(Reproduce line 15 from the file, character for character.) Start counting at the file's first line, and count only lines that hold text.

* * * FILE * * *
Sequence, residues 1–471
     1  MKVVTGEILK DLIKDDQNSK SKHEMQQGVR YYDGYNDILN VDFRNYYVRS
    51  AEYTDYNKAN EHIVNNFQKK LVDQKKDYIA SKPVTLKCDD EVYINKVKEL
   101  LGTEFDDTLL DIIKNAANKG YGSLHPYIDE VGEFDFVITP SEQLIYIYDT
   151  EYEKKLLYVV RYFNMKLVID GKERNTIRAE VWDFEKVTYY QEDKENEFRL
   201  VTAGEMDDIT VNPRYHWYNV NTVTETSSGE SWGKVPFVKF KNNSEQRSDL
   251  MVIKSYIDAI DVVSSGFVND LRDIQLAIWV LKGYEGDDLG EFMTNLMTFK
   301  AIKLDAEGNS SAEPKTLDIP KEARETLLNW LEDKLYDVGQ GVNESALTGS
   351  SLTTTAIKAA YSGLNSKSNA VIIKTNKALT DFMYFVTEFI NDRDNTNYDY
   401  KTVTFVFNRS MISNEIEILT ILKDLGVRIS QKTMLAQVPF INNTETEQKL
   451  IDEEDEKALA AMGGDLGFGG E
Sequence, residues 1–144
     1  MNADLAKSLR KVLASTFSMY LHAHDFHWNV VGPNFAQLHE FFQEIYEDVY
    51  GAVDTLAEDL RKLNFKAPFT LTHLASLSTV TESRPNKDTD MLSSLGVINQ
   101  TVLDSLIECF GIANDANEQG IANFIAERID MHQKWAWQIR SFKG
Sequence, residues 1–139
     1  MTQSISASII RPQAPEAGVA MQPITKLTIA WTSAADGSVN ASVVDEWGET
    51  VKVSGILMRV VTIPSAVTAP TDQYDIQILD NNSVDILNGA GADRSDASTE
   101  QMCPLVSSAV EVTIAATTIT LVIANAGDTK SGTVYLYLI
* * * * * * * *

   101  TVLDSLIECF GIANDANEQG IANFIAERID MHQKWAWQIR SFKG